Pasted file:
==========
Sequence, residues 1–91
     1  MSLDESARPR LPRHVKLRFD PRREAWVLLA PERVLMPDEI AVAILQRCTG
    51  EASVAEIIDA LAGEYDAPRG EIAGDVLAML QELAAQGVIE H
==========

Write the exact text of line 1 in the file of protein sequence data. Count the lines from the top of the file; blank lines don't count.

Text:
Sequence, residues 1–91